These days it’s impossible to think about marketing without considering the implications of the digital revolution.
The phrase “Web 2.0″ started to buzz more than a decade ago. The concept was a simple one, empowering web users to interact and collaborate with each other online rather than limiting them to the passive viewing of content. This seemingly simple technological innovation turned out to be the most profound driver of social change since the industrial revolution. Talking to each other online has transformed our lives – affecting how we heal ourselves, meet our mates, consume media, grow food, do politics and wage war.
There’s no doubt that digital media has changed the customer’s purchasing journey. When technology enabled consumers to seek advice and information from each other on a massive scale, it splintered the marketing funnel into a tremendous number of continually shifting touch points. Nowhere is this more evident than in the hospitality industry, where interactive online forums have wholly transformed the relationship between hotels and their guests.
There’s little doubt that the speed of change will continue to ramp up. Remaining entrenched in what you know is comfortable, but also dangerous in these turbulent times. Hotels can build economic resilience by adapting to the digital world and testing unfamiliar strategies.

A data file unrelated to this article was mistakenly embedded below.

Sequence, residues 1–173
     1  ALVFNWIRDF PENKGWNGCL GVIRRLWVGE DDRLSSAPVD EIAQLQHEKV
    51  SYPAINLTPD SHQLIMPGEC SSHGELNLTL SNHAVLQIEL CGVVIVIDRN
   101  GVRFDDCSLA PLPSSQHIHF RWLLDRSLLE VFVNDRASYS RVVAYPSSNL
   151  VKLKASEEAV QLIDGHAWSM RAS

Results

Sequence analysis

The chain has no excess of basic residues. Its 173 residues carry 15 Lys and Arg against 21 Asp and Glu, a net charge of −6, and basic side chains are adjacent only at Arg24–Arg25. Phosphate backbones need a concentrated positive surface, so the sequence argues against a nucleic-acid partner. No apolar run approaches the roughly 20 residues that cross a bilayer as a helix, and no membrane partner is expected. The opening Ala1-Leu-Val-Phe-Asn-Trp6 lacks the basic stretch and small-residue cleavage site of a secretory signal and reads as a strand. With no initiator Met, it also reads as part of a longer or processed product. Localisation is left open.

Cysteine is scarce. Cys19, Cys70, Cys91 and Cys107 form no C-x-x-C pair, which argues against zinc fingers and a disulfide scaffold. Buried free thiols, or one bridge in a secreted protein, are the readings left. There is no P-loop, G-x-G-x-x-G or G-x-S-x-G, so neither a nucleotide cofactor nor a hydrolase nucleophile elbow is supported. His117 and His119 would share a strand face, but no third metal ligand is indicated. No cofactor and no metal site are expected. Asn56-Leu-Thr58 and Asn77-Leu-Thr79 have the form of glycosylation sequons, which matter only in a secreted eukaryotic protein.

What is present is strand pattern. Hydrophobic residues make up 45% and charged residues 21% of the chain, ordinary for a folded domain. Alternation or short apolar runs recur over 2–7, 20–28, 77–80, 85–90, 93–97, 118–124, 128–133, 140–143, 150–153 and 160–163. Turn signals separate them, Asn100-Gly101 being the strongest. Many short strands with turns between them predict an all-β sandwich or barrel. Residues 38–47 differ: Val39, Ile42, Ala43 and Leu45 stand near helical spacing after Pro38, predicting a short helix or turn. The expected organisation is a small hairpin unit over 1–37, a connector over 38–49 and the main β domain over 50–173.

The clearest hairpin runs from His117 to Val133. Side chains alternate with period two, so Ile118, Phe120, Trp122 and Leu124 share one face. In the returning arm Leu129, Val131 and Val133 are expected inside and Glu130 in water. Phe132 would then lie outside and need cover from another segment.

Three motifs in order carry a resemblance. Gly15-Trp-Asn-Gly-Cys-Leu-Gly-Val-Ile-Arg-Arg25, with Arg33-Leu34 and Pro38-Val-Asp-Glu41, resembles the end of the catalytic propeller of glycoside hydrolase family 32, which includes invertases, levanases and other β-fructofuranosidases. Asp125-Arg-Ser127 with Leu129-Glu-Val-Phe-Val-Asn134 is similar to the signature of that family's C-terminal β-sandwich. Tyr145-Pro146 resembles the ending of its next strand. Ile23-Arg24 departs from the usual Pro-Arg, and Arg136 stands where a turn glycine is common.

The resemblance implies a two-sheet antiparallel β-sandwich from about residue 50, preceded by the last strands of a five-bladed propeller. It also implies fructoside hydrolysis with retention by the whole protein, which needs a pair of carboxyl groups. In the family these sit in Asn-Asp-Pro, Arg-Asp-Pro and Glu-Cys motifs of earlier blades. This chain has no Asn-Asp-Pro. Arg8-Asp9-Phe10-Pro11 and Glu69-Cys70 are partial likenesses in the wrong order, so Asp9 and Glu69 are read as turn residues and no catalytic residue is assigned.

To this end, here are some big ideas to consider.
It is no longer enough to meet your guest’s expectations. Alternative choices are just one click, one Google search or one TripAdvisor listing away. Hotels that differentiate themselves by surprising and delighting their guests will stand out in the crowded World Wide Web.
Digital life is fluidly integrated and cross-functional. It’s a massive, real-time collaboration. Consumers don’t distinguish among types of online content. Advertising, product information and even news are all viewed through the same ‘social’ lens. In stark contrast, traditional corporate life runs like a relay race with each department operating discreetly and passing the baton upon completion of tasks.
When a guest digitally interacts with a hotel, he expects and assumes that he’s communicating with the entire company, not just one department. Hundreds of customers may interact with a single hotel every day. These interactions must be filtered, interpreted and distributed in order to bring the “Voice of the Customer” into operational decisions.